Dublin house prices fall 0.7% as Covid-19 puts the brakes on market
Posted on 18th August 2020 at 19:24
Latest CSO figures also show a 33.1% drop in the number of property transactions in June
Property prices in Dublin have fallen by 0.7 per cent in the year to June as a result of the coronavirus pandemic.
The latest official figures from the Central Statistics Office also point to a 33 per cent drop in the number of transactions in June compared with the same month last year.
The figures show prices nationally rose by just 0.1 per cent in the 12 months to June, with consumers, banks and developers effectively on pause as a result of virus-containment measures.
The slowdown in activity triggered a 0.7 per cent drop in prices year-on-year in Dublin.
The highest house price growth in Dublin was in Dún Laoghaire-Rathdown, at 0.1 per cent, while South Dublin saw a decline of 2.7 per cent.
Experts say the latest figures primarily reflect activity before the coronavirus-related shutdown, and that it may be several months before the full impact of the Covid-19 pandemic is reflected in headline prices.
The CSO’s latest Residential Property Price Index indicates there were 2,268 household dwelling purchases filed with Revenue in June. This represents a 33.1 per cent decrease compared to the 3,391 purchases in June last year.
The typical cost or median price paid for a home in the Republic was €260,000.
The Dublin region had the highest median price (€374,998) in the year to June. Within the Dublin region, Dún Laoghaire-Rathdown had the highest median price (€525,000), while South Dublin had the lowest (€347,000).
It is substantially more economical to service a mortgage, if you can acquire one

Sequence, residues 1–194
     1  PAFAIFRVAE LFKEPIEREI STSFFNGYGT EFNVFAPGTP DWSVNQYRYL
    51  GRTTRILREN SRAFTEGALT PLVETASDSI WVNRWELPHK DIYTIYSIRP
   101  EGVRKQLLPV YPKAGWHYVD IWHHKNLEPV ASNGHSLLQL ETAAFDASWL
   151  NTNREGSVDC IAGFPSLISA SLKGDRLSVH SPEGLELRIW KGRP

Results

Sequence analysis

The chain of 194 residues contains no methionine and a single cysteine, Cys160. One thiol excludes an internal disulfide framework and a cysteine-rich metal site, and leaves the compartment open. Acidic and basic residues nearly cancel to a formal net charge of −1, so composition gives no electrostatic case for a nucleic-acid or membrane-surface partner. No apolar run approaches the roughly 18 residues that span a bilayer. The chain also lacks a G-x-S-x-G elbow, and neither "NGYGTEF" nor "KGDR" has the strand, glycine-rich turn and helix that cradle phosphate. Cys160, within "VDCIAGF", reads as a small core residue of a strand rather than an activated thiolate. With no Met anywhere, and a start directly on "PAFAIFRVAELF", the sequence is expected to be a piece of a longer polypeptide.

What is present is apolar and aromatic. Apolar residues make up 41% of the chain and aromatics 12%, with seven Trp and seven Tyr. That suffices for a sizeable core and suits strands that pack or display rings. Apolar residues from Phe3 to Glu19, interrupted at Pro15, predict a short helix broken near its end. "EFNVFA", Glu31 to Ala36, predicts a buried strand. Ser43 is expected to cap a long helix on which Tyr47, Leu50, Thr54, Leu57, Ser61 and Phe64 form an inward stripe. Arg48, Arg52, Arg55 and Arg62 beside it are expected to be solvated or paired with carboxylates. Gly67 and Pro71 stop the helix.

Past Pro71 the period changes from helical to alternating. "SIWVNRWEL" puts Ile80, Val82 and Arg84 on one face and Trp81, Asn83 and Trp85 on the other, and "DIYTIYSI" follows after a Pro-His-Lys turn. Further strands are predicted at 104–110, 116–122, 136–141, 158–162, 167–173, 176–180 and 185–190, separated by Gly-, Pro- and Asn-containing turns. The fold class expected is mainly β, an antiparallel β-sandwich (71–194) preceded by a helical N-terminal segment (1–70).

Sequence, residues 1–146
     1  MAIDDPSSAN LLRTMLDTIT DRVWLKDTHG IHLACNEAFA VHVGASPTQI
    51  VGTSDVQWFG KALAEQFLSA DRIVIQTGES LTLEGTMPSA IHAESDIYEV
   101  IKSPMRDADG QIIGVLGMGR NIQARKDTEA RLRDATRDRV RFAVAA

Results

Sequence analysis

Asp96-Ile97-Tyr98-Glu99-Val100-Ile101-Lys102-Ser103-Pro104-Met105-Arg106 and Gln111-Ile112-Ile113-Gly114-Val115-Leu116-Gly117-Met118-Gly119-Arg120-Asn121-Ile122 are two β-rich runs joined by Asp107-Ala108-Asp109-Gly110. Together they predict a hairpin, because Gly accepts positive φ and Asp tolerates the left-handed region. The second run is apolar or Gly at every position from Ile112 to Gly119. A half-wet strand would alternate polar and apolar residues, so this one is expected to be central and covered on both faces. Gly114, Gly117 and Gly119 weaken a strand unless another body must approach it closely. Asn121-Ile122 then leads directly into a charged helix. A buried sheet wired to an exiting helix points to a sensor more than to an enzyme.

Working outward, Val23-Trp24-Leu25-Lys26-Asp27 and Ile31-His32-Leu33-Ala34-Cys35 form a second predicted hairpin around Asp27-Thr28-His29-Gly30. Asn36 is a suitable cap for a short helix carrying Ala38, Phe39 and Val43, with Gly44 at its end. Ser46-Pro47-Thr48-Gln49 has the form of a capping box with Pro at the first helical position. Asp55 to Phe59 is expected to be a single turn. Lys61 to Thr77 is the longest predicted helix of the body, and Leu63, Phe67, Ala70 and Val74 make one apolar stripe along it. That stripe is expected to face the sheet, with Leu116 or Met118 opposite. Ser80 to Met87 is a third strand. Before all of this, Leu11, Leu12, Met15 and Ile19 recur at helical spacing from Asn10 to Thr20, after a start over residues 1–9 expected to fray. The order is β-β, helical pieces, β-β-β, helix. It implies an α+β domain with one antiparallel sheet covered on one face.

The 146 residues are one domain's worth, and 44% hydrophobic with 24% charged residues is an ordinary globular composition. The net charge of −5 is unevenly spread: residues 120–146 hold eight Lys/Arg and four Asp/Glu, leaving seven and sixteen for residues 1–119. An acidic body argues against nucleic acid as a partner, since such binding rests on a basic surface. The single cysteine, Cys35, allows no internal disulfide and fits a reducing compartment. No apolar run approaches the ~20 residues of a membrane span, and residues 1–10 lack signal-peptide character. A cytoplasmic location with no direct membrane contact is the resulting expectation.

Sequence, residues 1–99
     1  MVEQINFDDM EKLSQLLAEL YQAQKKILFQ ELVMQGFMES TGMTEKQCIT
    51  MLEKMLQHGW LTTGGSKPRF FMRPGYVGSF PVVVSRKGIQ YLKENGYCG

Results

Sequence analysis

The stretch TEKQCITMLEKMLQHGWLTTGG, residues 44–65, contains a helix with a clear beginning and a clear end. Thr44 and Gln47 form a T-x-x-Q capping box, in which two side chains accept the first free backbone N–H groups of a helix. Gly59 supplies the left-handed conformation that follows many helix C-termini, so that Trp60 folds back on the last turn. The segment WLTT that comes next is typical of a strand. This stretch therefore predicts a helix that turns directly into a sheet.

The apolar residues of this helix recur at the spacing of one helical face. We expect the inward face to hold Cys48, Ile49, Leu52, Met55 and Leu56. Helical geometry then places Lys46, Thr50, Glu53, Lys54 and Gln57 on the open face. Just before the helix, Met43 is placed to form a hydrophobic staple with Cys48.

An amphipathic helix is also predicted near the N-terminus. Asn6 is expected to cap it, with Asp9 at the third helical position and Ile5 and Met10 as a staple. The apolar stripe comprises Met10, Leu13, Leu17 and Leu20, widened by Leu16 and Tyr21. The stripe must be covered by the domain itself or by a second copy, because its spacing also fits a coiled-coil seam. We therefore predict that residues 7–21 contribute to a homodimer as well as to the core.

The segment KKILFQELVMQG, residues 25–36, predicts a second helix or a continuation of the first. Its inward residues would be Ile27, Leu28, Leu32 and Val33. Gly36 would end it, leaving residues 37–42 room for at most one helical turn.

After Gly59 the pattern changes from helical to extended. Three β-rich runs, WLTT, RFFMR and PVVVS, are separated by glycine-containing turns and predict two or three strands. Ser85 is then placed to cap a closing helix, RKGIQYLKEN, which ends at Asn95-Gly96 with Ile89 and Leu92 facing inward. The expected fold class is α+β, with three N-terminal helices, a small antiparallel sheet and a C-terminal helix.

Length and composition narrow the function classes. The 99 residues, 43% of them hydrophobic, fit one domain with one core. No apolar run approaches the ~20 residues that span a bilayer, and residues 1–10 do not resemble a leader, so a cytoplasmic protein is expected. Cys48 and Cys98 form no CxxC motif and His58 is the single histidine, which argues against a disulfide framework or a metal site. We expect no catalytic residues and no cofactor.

The highest median prices outside of Dublin were in Wicklow (€335,000) and Kildare (€310,000), while the lowest, of €105,000, was in Leitrim.
Overall, the national price index is 17.8 per cent lower than its highest level in 2007.
Dublin residential property prices are 22.7 per cent lower than their February 2007 peak, while residential property prices in the “rest of Ireland” are 20.5 per cent lower than their May 2007 peak.
Rachel McGovern, director of financial services at umbrella group Brokers Ireland, said: “As the country struggles to reach some semblance of normality in the face of the pandemic, people whose lives had already been on hold because they couldn’t meet the requirements for a mortgage are being further disenfranchised in the fallout from the pandemic, with tighter lending conditions.”
She said there is still a massive gap between mortgage repayments and the cost of rent for similar properties. “It is substantially more economical to service a mortgage, if you can acquire one,” she said.
The average rate of rent is €1,418 per month. Repayments on a mortgage of €257,997 (90 per cent of €286,663) would cost €1,058 per month, a saving of €359.28 per month compared to the average rent, or €4,311.36 over the course of a year.
“We believe the 3.5 times income limit is too restrictive and should be extended to 4.5 times with loan-to-value requirement set at 90 per cent for all, including second and subsequent buyers,” Ms McGovern said.
“This would result in a fairer process with no exemptions. There would then be no need for lenders to be constantly trying to readjust their criteria on exemptions in a bid to stay within the requirements.”
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